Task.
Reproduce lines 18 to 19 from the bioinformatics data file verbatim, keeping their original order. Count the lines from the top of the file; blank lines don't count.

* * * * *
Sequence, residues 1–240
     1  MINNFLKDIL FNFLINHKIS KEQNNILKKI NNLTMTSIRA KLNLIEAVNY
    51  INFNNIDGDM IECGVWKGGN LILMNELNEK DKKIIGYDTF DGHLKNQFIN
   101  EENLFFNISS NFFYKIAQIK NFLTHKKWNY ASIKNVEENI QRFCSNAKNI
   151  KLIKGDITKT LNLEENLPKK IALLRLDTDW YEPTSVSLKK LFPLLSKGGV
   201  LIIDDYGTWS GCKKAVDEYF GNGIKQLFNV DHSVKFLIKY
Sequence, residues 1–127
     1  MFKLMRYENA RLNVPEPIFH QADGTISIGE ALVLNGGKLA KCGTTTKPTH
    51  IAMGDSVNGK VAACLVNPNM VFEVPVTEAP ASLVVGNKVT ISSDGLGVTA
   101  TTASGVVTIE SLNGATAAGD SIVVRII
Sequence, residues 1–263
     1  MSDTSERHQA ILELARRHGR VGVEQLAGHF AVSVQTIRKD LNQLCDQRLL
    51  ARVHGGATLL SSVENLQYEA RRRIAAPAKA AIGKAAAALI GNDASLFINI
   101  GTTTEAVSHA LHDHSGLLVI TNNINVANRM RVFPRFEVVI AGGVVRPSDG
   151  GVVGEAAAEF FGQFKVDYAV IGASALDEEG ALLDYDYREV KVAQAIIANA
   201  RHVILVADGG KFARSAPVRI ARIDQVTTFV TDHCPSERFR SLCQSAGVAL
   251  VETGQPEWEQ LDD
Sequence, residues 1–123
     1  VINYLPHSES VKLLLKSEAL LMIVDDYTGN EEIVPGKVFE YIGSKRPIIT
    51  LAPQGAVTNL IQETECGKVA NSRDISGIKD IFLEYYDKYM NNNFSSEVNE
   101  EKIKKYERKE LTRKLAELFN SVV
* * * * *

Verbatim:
Sequence, residues 1–123
     1  VINYLPHSES VKLLLKSEAL LMIVDDYTGN EEIVPGKVFE YIGSKRPIIT